Advice from the EVST DUS

June 10, 2020

Dear EVST’ers

“Don’t waste time mourning.  Organize.”

They are words of advice from the labor activist Joe Hill to a fellow organizer, written shortly before Hill was wrongfully killed by Utah police.  Hill did not say we shouldn’t mourn the innocent.  He left detailed instructions about his own memorial arrangements.  Rather, Hill recognized that the struggle for justice is never without loss and it’s what we do after processing the loss that determines the outcome.

Here’s my advice.

Say their names, organize, vote, repeat.

I am writing this note to persuade you that the first two won’t matter if you don’t do the third.  And none of them matter if you don’t make them habits.  

The Reverend Dr. Martin Luther King, Jr. called the right to vote, “Civil Right No. 1.”  He knew from history and personal experience that disenfranchising blacks was the first play in the white supremacist playbook—true in his time and true today.  Devin Moore, BA ’20 in EVST and AFAM, demonstrates in his senior essay that environmental injustice in Michigan advances by a law that abrogates local voting rights and that state authorities apply almost exclusively to majority-black communities.  In 2018, Stacey Abrams, LAW ’99, came within 55,000 votes of election as the first black female governor of Georgia in an election where between 300,000 and 900,000 qualified black citizens did not vote because of voter suppression tactics initiated or endorsed by her white opponent, who was then serving as Georgia’s top elections officer.  The glaring shortcomings of yesterday’s Georgia primary—missing voting machines, absence of technical support, reduced polling locations, long lines at the remaining open locations—offer evidence of an enduring intent to disenfranchise black voters.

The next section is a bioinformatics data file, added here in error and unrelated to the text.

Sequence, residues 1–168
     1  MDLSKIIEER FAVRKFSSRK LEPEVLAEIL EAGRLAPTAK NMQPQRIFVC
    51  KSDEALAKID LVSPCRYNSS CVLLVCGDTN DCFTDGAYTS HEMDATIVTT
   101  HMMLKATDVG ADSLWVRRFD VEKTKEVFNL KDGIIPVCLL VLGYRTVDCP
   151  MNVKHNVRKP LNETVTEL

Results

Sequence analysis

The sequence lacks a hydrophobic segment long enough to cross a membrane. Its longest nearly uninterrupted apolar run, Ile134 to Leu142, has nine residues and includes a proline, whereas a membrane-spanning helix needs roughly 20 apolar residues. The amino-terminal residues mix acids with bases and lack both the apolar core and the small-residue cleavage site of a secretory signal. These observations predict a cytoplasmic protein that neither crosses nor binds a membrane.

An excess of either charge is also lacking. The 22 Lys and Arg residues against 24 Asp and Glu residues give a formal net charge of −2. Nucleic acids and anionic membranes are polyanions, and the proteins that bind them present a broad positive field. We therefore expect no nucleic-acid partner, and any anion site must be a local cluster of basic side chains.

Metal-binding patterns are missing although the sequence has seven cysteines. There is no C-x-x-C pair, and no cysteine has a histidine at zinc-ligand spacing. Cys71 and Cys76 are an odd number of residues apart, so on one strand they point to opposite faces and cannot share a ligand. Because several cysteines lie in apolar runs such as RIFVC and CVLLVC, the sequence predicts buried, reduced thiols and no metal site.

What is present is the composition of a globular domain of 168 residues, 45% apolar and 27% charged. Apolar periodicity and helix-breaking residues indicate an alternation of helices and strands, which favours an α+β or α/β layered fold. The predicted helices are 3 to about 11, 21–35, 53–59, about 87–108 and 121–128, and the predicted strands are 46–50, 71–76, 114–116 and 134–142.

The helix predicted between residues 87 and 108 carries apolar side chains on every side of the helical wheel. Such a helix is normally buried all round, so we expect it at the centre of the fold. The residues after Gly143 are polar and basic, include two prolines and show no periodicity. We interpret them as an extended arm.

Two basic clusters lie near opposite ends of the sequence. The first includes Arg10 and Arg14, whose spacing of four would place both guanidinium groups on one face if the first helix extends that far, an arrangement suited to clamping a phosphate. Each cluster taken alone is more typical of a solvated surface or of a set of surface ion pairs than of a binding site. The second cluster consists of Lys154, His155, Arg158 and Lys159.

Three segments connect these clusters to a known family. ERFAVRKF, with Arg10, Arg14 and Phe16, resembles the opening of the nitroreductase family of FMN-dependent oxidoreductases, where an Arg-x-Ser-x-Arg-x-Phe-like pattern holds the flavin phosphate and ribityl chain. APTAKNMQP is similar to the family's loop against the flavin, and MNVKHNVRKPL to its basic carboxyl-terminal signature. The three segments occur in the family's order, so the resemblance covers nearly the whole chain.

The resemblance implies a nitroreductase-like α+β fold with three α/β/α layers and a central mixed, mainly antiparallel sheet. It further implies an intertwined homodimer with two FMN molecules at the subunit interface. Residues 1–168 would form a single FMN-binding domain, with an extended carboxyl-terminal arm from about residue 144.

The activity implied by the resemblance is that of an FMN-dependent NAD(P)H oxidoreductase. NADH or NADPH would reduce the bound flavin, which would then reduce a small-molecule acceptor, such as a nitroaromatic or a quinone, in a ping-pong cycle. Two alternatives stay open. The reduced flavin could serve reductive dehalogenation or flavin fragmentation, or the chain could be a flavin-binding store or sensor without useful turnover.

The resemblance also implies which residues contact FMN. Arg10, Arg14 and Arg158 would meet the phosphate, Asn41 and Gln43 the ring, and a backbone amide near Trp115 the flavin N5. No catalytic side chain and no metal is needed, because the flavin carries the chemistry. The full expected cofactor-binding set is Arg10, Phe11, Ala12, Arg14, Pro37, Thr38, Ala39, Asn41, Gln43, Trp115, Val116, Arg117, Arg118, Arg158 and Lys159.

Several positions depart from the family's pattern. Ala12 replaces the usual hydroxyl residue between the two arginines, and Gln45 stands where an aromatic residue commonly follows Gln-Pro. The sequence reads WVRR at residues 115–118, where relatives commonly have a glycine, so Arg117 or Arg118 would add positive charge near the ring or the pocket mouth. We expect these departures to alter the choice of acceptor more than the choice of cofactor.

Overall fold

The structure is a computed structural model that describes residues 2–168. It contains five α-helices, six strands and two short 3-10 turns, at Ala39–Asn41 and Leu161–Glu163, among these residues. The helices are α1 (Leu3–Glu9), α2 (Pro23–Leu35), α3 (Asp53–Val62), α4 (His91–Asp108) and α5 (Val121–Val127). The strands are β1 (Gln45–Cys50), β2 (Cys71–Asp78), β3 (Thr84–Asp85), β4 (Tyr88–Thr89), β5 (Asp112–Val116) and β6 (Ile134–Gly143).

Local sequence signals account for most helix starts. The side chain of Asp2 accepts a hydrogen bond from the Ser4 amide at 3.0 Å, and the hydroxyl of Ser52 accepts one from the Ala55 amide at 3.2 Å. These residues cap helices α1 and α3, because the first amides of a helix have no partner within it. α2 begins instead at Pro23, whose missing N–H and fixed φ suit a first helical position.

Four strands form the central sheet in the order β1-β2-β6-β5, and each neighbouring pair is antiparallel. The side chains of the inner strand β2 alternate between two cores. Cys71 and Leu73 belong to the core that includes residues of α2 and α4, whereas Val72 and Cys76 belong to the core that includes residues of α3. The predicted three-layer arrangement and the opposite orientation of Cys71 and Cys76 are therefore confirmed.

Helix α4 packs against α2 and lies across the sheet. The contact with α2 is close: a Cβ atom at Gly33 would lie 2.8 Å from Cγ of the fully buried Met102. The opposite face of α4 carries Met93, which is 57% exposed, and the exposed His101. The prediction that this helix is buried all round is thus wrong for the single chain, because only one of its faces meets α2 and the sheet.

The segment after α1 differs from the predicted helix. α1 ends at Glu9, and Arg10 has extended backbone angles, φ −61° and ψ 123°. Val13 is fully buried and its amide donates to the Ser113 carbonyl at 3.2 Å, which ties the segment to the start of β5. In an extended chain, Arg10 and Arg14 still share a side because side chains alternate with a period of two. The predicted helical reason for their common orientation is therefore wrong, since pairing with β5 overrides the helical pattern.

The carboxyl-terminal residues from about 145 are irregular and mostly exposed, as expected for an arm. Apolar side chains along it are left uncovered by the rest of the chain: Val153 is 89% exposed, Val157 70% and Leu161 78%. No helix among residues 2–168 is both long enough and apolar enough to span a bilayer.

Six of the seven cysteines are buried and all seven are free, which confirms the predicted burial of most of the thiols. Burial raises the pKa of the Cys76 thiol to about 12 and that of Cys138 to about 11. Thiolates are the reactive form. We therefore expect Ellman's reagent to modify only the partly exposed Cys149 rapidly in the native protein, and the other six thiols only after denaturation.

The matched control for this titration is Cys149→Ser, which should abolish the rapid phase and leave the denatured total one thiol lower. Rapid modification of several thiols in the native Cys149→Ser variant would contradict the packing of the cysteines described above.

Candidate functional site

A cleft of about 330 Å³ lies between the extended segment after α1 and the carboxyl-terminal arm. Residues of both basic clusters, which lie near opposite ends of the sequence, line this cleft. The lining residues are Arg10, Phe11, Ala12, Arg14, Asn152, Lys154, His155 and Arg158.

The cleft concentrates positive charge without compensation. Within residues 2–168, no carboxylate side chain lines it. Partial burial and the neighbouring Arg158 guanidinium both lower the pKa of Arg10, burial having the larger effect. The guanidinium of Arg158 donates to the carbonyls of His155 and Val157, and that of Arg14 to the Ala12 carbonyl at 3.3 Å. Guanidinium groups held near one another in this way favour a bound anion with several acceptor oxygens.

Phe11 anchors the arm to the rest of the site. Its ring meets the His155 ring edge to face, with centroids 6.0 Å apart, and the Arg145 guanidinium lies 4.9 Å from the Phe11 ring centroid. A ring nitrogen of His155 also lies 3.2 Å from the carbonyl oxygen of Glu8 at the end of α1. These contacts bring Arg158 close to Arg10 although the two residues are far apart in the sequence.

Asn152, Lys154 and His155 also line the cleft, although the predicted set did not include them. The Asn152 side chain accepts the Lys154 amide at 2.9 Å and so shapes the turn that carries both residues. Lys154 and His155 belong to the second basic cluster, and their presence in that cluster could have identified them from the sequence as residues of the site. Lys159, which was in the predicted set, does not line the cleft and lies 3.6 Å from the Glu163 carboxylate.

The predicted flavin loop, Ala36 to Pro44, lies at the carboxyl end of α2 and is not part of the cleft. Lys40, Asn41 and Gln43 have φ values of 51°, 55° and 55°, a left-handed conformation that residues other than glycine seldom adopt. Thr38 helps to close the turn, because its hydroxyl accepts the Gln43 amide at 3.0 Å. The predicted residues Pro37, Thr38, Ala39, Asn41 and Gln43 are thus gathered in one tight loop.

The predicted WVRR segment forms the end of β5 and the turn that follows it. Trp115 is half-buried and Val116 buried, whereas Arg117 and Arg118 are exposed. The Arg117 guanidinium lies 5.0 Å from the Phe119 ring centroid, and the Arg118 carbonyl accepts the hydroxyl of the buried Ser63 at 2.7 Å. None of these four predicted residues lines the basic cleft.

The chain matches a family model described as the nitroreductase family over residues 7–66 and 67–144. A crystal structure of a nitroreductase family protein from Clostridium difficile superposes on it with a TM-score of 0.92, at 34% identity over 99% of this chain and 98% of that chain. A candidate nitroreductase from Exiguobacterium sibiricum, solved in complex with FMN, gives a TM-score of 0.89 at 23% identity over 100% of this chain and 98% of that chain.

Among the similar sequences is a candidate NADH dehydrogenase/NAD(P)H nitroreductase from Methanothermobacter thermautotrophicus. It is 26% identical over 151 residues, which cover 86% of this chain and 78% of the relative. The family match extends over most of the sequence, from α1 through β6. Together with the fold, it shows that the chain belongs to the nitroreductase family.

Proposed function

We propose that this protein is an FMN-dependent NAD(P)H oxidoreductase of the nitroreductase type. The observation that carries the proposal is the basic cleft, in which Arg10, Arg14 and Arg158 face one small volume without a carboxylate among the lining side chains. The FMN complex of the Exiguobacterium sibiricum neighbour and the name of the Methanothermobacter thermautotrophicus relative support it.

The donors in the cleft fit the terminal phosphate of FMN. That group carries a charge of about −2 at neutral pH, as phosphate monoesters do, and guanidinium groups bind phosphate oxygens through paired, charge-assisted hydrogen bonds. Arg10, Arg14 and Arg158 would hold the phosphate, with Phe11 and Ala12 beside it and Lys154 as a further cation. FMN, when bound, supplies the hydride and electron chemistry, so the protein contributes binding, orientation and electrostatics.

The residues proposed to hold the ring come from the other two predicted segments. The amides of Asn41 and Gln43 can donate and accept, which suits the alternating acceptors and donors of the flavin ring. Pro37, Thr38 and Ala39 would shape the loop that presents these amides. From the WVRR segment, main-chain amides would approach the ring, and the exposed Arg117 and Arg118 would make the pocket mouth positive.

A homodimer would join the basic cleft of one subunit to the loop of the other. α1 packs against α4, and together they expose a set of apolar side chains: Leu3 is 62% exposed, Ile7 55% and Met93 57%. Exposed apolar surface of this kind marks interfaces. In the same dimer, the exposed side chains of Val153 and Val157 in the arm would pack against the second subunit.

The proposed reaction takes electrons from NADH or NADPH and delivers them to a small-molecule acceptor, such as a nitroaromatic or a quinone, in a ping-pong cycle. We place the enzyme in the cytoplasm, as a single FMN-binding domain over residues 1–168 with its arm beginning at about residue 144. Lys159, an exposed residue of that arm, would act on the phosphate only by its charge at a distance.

Your opponents do not want you to vote.  If you don’t vote, they win.  If you don’t vote, they get what they want.

The 2016 presidential election turned on the outcome in three states, Pennsylvania, Michigan, and Wisconsin.  Donald Trump carried all three by a total of 77,744 votes out of a total two-party vote of 13,233,376, a margin equal to fifty-eight one-hundredths of a percent.  My analysis of the outcome demonstrates that at least 146,000 (other studies estimate that perhaps as many as a half-million) Democratic voters in these states who cast presidential ballots for Barack Obama in 2012 when he carried these states either did not cast a vote for president or did not vote at all in 2016.  In plain terms: by not voting, a small sliver of the Democratic electorate assured Donald Trump’s election.

The police unions that protect brutal cops from accountability do not want you to vote.  Meaningful police reform only happens when mayors, city councilors, local prosecutors, judges, and legislators can win and retain elected office over the organized opposition of police unions.  Without continuing, effective voter support, the elected officials who actually supervise local law enforcement will never adopt the fundamental reforms needed to put an end to racialized policing.  FULL STOP.

“NO VOTE” pessimists, who perhaps point to the failure of gun control legislation after Parkland as evidence that voting doesn’t matter, don’t understand how real politics works.  It’s not the first election after an event that determines policy.  It’s the second, third, and fourth elections, when one side proves that it can elect its own people and return them to office.  When you do that, you get the laws you want.

National elections, when tens-of-millions vote, can turn on a few thousand votes; local elections, when thousands vote, can turn on a handful.

Say their names, organize, vote, repeat.

Michael A. Fotos, III, BA, MPA, PhD

Yale College, Class of 1978

Director of Undergraduate Studies for Environmental Studies

Lecturer in Political Science